Templar Swords Reproductions of the swords of the Order of the Temple.
At the end of the eleventh century the Church decided to intervene directly in the Holy Land, calling a Holy War to guarantee the safety of the pilgrims to Jerusalem, who were constantly besieged by the Muslims. By the way, the Byzantine Empire was being helped and asked for help because of the Turkish siege as disputes were closed and all Christians were united under the same banner.
After many battles the First Crusade ended in 1099 taking Jerusalem, until that time dominated by Baldwin I. Several years later nine Christian knights, led by Hugo de Payens began to protect pilgrims traveling to the Holy Land. Alone at first but supported by the king later. They obtained a place to settle in the vicinity of the ancient Temple of Solomon and some time later they would have the entire complex as the headquarters that would give the order its name (Templarios). After years of formalities the order was formally recognized by the Church in 1129, and its rules and regulations were established, after which it had an exponential growth, both in followers and in property and properties.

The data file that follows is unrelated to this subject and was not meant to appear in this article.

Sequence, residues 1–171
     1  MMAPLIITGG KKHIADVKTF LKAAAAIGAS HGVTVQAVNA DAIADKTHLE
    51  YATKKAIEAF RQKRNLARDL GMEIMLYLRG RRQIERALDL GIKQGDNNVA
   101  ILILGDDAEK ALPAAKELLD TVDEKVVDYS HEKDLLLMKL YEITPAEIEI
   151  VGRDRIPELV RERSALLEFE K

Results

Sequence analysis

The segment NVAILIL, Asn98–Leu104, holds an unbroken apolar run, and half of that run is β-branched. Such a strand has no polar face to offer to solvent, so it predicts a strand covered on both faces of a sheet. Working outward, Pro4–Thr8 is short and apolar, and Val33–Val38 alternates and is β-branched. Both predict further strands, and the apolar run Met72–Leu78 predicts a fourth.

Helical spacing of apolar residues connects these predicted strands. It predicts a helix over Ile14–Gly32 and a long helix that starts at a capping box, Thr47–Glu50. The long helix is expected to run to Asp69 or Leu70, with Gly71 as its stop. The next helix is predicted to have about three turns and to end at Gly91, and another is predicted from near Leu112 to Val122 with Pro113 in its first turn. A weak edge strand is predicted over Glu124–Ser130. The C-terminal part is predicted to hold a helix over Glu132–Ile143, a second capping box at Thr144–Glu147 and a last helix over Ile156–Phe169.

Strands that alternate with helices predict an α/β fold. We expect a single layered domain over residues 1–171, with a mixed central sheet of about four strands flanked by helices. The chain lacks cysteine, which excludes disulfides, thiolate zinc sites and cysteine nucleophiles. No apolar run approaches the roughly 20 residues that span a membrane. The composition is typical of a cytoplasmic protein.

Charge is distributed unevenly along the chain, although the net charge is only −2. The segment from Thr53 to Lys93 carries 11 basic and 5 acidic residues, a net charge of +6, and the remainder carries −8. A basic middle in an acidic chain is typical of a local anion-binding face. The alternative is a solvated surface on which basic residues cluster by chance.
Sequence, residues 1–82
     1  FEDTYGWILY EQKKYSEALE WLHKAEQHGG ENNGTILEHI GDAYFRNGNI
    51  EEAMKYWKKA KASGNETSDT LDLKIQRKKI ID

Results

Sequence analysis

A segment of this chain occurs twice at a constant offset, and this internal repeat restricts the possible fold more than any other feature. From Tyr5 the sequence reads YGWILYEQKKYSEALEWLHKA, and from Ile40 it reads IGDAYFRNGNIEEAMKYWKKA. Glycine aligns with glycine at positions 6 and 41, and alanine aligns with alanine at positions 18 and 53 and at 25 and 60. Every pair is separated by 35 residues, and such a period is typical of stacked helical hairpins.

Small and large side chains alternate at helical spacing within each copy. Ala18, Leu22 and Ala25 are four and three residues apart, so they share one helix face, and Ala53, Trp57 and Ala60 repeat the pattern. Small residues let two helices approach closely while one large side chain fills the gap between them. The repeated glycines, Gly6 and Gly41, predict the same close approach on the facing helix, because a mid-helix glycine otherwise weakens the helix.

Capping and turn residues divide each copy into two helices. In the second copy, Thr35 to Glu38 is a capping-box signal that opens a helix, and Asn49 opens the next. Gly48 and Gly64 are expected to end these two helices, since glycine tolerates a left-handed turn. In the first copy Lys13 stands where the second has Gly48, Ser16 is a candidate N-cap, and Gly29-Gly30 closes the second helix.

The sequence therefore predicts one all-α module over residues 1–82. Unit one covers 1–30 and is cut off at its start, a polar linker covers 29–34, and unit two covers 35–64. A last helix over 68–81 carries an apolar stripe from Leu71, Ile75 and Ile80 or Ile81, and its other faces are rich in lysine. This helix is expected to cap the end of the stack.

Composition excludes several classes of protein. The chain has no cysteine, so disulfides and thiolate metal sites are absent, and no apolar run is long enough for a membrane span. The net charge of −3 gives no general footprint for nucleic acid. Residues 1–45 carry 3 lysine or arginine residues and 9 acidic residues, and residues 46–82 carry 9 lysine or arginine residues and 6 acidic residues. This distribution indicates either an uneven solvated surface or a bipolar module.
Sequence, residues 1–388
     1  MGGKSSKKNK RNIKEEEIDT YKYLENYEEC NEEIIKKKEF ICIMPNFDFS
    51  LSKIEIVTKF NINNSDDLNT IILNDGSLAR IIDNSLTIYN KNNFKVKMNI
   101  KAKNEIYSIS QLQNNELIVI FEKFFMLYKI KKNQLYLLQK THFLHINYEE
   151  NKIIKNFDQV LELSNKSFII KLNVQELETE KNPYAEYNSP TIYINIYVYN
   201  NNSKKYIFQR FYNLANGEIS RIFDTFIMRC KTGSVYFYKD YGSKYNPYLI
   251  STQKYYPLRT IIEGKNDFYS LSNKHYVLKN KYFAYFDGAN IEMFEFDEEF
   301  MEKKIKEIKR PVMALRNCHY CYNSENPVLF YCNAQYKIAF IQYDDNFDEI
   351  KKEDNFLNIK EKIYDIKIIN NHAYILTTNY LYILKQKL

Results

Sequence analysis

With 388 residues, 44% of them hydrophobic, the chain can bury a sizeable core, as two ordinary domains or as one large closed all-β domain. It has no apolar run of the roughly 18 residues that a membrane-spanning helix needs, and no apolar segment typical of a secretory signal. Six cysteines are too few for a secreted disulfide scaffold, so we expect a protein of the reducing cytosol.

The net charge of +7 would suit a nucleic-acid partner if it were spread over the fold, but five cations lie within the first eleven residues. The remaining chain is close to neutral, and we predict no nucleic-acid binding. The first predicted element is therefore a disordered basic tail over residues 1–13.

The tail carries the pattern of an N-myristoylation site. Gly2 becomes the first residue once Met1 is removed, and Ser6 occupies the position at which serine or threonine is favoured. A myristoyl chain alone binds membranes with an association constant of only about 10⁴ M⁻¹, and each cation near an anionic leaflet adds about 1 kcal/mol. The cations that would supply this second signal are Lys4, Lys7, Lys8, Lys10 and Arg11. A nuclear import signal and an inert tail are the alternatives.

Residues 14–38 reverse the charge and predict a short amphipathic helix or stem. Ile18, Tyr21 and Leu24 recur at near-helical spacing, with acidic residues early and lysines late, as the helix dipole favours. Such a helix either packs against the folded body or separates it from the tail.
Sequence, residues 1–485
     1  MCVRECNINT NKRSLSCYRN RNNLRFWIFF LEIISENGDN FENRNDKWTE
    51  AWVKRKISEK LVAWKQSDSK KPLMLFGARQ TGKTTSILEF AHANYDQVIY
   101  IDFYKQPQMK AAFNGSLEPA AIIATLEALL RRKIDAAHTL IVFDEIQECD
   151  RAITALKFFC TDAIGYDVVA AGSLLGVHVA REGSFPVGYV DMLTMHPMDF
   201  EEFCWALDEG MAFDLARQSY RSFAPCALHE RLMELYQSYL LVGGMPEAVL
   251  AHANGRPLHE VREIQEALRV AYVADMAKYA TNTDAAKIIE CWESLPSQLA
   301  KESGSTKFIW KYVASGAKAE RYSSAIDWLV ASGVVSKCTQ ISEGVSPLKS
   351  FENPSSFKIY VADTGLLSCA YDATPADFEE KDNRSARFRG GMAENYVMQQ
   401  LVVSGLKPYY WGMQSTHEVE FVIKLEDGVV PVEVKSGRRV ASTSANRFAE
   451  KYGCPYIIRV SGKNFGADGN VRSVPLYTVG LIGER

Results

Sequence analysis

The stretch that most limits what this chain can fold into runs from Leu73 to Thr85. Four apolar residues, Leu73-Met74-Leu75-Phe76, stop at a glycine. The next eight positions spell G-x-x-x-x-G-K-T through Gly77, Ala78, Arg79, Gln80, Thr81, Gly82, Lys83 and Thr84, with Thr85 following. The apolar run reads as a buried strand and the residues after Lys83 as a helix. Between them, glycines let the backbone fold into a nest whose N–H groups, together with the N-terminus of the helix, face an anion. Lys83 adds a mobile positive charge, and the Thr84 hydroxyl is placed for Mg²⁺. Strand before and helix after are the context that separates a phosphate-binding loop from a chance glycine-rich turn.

This growth was due to a myriad of reasons. On the one hand they were excluded from the jurisprudence and only the Pope had power over them. They received fortunes in the form of testaments and contributions from the nobles who joined them. In the middle of the 13th century it was the most important economic force in Europe and its members hovered around 30,000 knights. Their success on a moral level is motivated by the exploits they performed during the Crusades, which gave them worldwide fame and in turn the loss of the Holy Land was the beginning of the end of the Order, in addition to the misgivings caused by its growing power.
Philip IV of France, who was heavily indebted to the Templars, began a brutal smear campaign with the intention of keeping his assets. He pressured Pope Clement V and in 1307 a large number of Templars were arrested, tortured and finally burned at the stake, but not before being forced to confess false crimes and heresies to tarnish the image of the Order. They were officially dissolved in the year 1312 and most of their belongings went to the crowns that were behind the smear campaign